The Tatu duo has taken much of the world by storm and the Czech Republic appears to be no exception. Teenagers Jelena and Julie, who are probably the most eminent and promising project in Russian youth pop music, have been topping the charts first with "I've lost my mind" and now with "All the things she said" around the world and certainly have a good bulk of fans in the Czech Republic. The group's tour of the country finalised with the last of five concerts in Prague on Tuesday and concert organisers say over 25,000 tickets were sold.
A few months ago I was listening, as I often do, to the BBC World Service, when I heard something absolutely alarming. The Beeb's correspondent in Brussels was moving on to pastures new, and was summing up his feelings about the city, which of course is where the headquarters of both NATO and the European Union are located. Nobody likes Brussels, he said, it's dirty and boring and doesn't have much character. Or he said something like that - I wasn't listening too closely until he dropped the bombshell.
It's Sunday at Prague's Old Town Square - the holiday season is well underway. A magnificent thirty metre tall evergreen, dubbed Charles the Great, this year's official Christmas tree, stands in front of the Tyn cathedral. It's biting weather but tourists warm themselves with grog and Turkish honey, as they wander among the Christmas market stalls. And, of course, the pony rides are back for the children, a coral with a llama, a donkey, and miniature goats eating straw, while the band plays Dixieland jazz.
At the end of last month, Prague got a new mayor: thirty-nine year old Pavel Bem, from the Civic Democratic Party, was elected Prague's sixth mayor since the end of communism. So what are the aims of Mr Bem as he leads one of Central Europe's largest cities over the coming years? For an insight into Mr Bem's visions for Prague, I recently met the mayor and asked him how he would like Prague to change during his term in office:
It's been absolutely freezing here in the Czech Republic for the last week or so, and the weather forecasters say we can expect the sub zero temperatures to last for another month. While just waiting for the tram for ten minutes makes most of us shiver, spare a thought for the poor souls who have to work outside all day in such weather. On Wednesday morning I braved the elements to see what life is like these days for stall-holders on Prague's Charles Bridge.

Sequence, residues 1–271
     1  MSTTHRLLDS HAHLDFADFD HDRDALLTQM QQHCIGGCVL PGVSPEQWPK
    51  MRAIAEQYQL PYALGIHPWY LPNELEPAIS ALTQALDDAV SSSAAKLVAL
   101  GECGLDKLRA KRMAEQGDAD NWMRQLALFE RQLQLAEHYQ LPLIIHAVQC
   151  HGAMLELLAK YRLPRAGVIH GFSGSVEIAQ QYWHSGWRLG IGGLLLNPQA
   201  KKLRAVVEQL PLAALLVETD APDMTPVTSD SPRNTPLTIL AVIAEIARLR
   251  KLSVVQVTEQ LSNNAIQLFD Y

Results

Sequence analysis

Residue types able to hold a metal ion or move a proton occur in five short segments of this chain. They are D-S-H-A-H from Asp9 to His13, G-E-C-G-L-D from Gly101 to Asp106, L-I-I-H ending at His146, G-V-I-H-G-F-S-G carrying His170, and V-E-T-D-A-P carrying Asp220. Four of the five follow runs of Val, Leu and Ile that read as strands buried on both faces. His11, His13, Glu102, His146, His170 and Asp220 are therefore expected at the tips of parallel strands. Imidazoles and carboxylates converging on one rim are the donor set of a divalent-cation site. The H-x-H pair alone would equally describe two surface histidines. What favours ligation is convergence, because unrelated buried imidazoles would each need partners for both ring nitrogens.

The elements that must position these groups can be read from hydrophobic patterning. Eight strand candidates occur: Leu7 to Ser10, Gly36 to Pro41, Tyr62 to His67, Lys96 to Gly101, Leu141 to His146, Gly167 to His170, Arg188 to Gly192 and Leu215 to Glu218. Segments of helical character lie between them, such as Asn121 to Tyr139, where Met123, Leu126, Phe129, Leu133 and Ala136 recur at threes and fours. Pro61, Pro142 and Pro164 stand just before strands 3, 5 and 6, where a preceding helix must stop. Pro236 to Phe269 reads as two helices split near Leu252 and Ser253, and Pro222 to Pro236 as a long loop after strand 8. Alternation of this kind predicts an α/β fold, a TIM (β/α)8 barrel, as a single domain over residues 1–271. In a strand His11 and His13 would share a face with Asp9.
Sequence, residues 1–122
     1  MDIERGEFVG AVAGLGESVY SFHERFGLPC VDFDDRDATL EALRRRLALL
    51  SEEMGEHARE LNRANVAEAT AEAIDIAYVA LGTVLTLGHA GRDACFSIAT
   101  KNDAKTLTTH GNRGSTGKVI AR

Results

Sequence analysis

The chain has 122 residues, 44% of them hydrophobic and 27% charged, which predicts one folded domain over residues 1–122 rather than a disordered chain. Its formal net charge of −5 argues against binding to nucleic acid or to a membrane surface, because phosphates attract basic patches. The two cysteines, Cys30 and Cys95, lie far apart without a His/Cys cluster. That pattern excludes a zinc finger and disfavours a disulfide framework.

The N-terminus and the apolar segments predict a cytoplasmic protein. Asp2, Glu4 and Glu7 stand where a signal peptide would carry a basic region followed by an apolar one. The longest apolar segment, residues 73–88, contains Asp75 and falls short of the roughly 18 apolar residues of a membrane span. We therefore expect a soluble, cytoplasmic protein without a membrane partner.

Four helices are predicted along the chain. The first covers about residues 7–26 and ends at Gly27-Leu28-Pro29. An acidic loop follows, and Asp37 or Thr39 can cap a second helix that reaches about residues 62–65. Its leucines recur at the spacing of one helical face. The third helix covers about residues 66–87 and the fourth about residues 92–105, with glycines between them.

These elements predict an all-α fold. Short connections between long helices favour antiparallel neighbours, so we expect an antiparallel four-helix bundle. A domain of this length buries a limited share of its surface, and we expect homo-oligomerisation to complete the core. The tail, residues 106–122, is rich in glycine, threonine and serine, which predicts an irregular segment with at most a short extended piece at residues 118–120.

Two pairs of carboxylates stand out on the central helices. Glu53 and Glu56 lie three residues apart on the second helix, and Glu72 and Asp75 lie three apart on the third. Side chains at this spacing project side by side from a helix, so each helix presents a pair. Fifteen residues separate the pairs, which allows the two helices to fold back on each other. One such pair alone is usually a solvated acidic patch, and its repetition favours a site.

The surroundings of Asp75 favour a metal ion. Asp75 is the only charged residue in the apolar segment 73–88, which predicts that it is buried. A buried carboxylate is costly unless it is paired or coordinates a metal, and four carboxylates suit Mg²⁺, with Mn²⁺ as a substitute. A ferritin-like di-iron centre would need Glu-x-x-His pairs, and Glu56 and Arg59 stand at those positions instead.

Tomas Vachuda was four years old when his family went to America in 1968 on what was to have been a vacation. In August Soviet tanks rolled into Czechoslovakia and the family stayed. They didn't see their homeland again for over twenty years. Now Tomas is in his late thirties and is back in his hometown. He runs the Prague office of an international consultancy firm, coming and going between the United States and the Czech Republic. Here he recalls his return in 1990 and how his early childhood memories were confronted with the reality of post-Velvet
Rising like a futuristic space ship above the old working class quarter of Zizkov, is one of Prague's most interesting, if controversial, buildings - Zizkov TV tower. The TV tower is, at 216 metres, the tallest building in the city, and they say on a clear day it can be seen from a full 100 kilometres away. Often regarded as a relic of the communist era, Zizkov TV tower wasn't actually completed until ten years ago, in 1992.
One of Prague's most dominant historic buildings, the Jindrich Tower, on the edge of Senovazne Square in the city centre, will soon be reopened to the public. Most unusually, after extensive, and careful reconstruction, the historic structure, which dates back to the late 1500s, will house exclusive new shops, a restaurant and cafe, which will almost certainly be welcomed by both locals and tourists. The reopened tower will also make one of the best views of the old city available again. Jan Velinger
Remnants of medieval wall dating back to 1041 unearthed in Břeclav
Prague flats most expensive in Central Europe, in terms of average earnings
Measures taken as over 60 percent of Czech Republic hit by extreme drought
Beer, schnitzel and mushroom picking – unique set of emojis captures Czech soul
Barbora Strýcová, 33, in “best form” ahead of Wimbledon semi-final against Serena Williams